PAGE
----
The Big Ten screwed up divisional alignment.
Why bring it up again? Because Nebraska and Wisconsin are four days from kicking off the Big Ten’s biggest game in five years (since Ohio State-Michigan in 2006).
In many ways, these two programs are cousins. From the offensive styles to the school colors to the personal connections. Barry Alvarez played linebacker for Bob Devaney; Bo Pelini was a graduate assistant at Iowa when Bret Bielema played for the Hawkeyes.
This relationship has serious potential. But Nebraska and Wisconsin won’t meet every year. Why?
Because historically Michigan is stronger than Wisconsin. So the Wolverines took Wisconsin’s place with Nebraska and Iowa in the Legends Division. Wisconsin joined powerhouses Ohio State and Penn State in the Leaders. Each side had two traditional heavyweights and one light heavyweight.
Perfect, right? Well, no.
Just because Wisconsin and Iowa can’t equal Penn State and Michigan historically doesn’t mean they won’t beat ‘em in the future (the Badgers and Hawks were actually superior to Penn State and Michigan the past decade). By refusing to divide geographically, the Big Ten created more problems than it saved:
>> No college football fan outside the Big Ten footprint has a clue which teams are in what divisions. That matters when you’re trying to build a brand.
>> Gerrymandering the boundaries creates more travel for fans. Instead of Wisconsin fans traveling to Northwestern every other year, they travel to Penn State. Michigan State doesn’t go to Ohio State every other year, but Spartan fans do go all the way to Nebraska.
– The non-geographic split necessitated silly crossover rivals, which aren’t even close to fair. Michigan gets Ohio State; Iowa gets Purdue. So much for competitive equality (the reason for gerrymandering in the first place).
– Finally, one good rivalry (Iowa-Wisconsin) and one potentially great rivalry (Nebraska-Wisconsin) won’t have enough steam to thrive.
By moving Wisconsin to the Ohio State/Penn State division, the Big Ten pulled the Badgers away from arch-rival Minnesota. So the Badgers had to be crossover rivals with the Gophers. Which meant they couldn’t play Nebraska (or Iowa) every year.
The Huskers, meanwhile, drew Penn State as a crossover rival. Great match-up in the 80s. But it doesn’t have much appeal anymore, especially with Joe Pa about to retire.
The Big Ten should’ve put Nebraska, Iowa and Wisconsin in the same division. Didn’t happen. All because Penn State had more hardware in the trophy case than Wisconsin. (And because Jim Delany couldn’t pass up the possibility of Ohio State-Michigan in the Big Ten championship game.)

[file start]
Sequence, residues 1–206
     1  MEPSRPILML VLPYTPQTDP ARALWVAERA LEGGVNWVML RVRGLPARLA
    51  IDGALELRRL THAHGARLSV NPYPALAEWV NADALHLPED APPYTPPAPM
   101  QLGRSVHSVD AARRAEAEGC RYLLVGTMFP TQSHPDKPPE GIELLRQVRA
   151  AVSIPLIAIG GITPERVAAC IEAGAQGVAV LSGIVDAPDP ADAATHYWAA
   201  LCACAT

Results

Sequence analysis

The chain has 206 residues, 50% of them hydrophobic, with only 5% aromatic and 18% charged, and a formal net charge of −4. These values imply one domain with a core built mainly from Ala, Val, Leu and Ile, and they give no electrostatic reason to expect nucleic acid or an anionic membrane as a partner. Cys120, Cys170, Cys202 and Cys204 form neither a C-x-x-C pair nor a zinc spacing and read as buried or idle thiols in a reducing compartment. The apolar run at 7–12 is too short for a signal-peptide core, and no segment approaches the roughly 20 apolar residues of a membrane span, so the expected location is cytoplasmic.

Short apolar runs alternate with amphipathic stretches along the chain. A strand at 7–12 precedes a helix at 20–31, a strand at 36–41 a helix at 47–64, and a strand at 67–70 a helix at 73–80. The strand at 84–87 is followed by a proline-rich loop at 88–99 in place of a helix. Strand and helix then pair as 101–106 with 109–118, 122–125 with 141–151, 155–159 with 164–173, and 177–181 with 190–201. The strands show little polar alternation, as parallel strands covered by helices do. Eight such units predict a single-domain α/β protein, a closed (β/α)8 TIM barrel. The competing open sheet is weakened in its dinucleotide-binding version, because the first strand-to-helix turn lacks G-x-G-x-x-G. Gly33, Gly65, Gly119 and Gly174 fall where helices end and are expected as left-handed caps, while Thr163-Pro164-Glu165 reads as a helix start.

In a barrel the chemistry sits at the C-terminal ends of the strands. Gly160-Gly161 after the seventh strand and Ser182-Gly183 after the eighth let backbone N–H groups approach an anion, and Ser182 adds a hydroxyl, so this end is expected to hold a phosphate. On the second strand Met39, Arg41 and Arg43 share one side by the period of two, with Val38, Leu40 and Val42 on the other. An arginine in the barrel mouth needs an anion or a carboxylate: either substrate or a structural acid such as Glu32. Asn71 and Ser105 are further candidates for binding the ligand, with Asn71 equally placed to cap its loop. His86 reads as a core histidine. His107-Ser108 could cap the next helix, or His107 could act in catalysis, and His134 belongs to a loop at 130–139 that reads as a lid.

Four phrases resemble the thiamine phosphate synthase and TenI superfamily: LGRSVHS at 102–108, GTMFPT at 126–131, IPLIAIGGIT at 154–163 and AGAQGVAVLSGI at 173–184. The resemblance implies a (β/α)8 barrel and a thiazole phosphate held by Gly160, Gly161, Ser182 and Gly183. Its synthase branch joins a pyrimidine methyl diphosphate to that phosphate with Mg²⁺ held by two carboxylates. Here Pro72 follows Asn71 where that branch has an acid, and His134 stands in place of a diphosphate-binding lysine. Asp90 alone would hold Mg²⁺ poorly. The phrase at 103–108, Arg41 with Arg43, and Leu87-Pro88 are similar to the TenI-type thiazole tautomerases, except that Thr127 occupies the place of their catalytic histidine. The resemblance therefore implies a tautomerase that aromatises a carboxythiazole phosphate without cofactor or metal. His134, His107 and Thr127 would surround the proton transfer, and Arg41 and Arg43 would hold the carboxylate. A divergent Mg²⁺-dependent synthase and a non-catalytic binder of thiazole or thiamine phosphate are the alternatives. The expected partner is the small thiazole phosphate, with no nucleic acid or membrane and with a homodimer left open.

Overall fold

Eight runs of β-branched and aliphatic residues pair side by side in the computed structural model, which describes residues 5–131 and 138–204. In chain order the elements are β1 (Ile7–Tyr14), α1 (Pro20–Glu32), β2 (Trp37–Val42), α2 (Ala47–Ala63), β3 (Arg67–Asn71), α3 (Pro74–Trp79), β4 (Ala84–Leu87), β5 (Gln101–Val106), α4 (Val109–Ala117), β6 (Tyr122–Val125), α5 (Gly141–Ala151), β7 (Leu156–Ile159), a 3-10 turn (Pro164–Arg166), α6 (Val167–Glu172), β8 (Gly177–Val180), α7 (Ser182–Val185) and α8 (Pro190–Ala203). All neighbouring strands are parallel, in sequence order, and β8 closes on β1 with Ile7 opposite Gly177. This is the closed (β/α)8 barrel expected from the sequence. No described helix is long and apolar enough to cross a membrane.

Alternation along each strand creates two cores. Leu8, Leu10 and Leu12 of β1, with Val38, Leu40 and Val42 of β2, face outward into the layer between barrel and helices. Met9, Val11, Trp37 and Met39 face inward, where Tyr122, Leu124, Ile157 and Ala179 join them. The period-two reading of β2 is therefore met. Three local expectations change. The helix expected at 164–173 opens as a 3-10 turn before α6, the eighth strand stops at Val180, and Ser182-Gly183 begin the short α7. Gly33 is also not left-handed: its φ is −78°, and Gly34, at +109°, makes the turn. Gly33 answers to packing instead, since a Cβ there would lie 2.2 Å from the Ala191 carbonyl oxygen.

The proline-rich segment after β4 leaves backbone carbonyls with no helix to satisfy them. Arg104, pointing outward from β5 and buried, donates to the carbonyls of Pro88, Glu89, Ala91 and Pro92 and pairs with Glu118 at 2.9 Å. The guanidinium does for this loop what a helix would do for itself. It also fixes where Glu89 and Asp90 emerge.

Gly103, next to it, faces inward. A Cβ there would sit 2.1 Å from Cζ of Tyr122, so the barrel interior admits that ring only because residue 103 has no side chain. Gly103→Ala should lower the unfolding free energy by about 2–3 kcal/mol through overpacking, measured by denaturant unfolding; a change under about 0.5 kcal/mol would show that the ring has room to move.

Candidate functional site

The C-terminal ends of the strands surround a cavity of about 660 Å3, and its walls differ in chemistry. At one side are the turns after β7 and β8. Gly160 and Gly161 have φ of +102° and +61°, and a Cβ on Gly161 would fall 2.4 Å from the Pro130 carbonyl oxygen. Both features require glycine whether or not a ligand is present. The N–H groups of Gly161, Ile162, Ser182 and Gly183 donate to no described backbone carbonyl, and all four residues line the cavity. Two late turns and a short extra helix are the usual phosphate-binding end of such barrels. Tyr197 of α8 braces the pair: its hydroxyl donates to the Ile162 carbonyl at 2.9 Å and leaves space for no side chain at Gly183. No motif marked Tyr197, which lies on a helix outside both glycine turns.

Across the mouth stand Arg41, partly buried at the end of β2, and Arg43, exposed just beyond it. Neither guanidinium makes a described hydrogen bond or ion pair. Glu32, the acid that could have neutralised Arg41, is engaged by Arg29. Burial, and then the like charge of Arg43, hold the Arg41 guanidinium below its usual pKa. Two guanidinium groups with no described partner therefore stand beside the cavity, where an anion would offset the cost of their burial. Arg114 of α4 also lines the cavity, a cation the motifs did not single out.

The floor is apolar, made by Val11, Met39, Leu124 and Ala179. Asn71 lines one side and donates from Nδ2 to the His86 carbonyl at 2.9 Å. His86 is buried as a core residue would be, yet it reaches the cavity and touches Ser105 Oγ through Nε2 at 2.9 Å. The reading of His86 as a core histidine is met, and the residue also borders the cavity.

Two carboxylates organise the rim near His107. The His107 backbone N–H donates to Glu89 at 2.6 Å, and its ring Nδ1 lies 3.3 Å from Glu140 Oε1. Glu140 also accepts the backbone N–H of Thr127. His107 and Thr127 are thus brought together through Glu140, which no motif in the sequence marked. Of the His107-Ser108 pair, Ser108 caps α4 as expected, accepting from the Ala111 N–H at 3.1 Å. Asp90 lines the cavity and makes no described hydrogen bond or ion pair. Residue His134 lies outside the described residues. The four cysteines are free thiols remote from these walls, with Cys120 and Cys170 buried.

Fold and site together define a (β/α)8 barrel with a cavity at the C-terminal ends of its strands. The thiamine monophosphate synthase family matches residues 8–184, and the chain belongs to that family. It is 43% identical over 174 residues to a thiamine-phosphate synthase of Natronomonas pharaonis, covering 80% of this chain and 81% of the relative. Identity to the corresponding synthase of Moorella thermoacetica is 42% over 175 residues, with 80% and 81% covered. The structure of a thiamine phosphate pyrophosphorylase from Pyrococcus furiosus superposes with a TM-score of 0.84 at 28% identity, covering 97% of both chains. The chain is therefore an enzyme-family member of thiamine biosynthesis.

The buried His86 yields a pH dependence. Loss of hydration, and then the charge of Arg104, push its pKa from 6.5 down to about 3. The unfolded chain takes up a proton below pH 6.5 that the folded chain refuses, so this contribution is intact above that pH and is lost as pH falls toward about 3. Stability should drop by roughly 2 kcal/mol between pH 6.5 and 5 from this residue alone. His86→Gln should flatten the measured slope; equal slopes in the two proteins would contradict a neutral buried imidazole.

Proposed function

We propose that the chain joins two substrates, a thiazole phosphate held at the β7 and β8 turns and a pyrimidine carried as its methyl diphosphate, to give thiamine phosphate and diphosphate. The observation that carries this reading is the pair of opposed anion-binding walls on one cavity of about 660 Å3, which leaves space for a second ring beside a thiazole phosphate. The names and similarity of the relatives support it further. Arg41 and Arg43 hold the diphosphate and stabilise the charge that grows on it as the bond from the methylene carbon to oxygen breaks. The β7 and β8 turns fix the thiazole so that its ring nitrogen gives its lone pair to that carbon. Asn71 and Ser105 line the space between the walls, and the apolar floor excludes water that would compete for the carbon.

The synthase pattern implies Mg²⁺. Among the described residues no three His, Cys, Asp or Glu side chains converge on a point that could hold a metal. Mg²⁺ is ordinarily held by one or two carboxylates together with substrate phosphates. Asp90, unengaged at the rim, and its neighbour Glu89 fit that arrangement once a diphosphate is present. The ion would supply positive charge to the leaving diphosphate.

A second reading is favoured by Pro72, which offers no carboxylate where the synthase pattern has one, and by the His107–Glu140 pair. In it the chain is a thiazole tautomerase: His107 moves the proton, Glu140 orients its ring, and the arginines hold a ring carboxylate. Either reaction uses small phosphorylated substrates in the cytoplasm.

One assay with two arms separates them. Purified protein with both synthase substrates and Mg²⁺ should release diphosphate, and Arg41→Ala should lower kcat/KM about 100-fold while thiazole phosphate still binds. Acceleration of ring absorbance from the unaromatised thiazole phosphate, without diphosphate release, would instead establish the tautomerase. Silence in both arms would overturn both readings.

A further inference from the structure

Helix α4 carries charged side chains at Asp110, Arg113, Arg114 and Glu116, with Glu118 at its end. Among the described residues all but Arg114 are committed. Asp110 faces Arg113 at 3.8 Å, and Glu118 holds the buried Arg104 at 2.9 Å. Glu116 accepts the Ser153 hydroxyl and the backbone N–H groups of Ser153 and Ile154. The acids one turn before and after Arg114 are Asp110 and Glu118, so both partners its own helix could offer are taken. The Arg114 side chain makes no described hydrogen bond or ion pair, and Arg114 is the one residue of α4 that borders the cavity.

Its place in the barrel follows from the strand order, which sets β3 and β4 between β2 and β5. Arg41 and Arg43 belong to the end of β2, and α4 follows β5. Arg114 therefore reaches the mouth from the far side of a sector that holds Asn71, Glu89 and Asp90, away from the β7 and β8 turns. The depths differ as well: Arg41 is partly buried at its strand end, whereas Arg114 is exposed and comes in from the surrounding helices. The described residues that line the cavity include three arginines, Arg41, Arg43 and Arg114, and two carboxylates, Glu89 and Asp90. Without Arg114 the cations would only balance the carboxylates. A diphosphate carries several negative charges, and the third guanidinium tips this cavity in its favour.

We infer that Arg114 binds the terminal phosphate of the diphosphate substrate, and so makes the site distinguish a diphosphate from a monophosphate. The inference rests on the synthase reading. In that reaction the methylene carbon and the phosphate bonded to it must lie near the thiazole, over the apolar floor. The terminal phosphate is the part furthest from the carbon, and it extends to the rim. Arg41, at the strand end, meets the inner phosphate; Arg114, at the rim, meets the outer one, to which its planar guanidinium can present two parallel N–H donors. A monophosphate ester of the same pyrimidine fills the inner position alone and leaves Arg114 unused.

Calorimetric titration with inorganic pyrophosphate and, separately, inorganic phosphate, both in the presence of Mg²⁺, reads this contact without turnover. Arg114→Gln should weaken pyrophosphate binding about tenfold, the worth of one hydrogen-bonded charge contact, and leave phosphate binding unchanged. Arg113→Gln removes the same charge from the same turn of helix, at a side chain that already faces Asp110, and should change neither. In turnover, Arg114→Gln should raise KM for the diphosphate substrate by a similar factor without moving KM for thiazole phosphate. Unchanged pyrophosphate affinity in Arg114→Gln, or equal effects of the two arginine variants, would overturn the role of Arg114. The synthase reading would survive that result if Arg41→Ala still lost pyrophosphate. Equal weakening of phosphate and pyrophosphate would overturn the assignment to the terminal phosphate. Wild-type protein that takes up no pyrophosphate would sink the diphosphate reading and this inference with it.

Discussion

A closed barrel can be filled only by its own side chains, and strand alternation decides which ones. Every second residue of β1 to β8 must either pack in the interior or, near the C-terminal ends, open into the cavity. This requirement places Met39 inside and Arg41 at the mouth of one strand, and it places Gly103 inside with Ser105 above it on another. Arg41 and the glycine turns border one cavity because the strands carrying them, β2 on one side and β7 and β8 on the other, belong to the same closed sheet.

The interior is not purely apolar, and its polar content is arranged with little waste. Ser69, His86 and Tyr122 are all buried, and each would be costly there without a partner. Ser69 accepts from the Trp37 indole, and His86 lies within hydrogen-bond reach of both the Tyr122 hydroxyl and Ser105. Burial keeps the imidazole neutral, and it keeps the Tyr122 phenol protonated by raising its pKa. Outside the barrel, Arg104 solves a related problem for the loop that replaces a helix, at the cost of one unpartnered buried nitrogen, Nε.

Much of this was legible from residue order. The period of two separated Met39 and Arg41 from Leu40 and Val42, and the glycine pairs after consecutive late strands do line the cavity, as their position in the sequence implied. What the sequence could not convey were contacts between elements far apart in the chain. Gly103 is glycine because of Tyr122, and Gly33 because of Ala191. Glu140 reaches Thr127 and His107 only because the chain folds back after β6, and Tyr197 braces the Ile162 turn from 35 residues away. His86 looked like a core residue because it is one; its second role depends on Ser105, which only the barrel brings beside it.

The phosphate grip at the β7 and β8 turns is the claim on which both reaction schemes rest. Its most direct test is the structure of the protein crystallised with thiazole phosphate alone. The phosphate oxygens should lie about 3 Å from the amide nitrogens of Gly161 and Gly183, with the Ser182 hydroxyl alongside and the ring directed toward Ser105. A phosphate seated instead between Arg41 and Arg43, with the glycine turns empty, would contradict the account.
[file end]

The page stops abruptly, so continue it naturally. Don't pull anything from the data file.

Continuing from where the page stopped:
So Husker fans better seize the opportunity to see Camp Randall Saturday. Nebraska won’t be going back ‘til 2015 or 2017.
>> Yoshi Hardrick expressed a little confidence in his team Monday. Said a few things most teammates wouldn’t. And many fans responded like this: Bite your tongue, big man!
I say that’s ridiculous. Stop the paranoia. Wisconsin doesn’t need cocky quotes from a Nebraska player to get motivated for Saturday. Sure, Yoshi will probably end up on Wisconsin’s bulletin board. Who cares? It isn’t gonna help the Badgers on the field.
Players aren’t timid with their words once the game starts. Why be timid at press conferences? What difference does it make if trash talk starts on Monday afternoon or on Saturday night. We should all have a little more fun. This is football, not Middle East diplomacy.
>> A few Husker stats to keep an eye on: Nebraska has six takeaways in four games. That ranks nationally in the middle of the pack. Its four tackles for loss per game ranks 104th. Its 1.5 sacks per game ranks 78th. What’s the theme here? The defense needs to make more plays.
>> Hope you saw Bill Haas’ water blast in the Tour Championship playoff Sunday. He saved par. Then he won the tournament (with $1.4 million prize) on the next hole and — here’s the real reward — also captured the $10 million Fed Ex Cup. That’s a pretty important up-and-down from the lake.
>> ESPN has taken its share of hits for The Longhorn Network. Now the Columbia Journalism Review has joined the festivities.
>> So I guess this explains why a USC assistant coach resigned the week of the season opener. Oh, Lane Kiffin.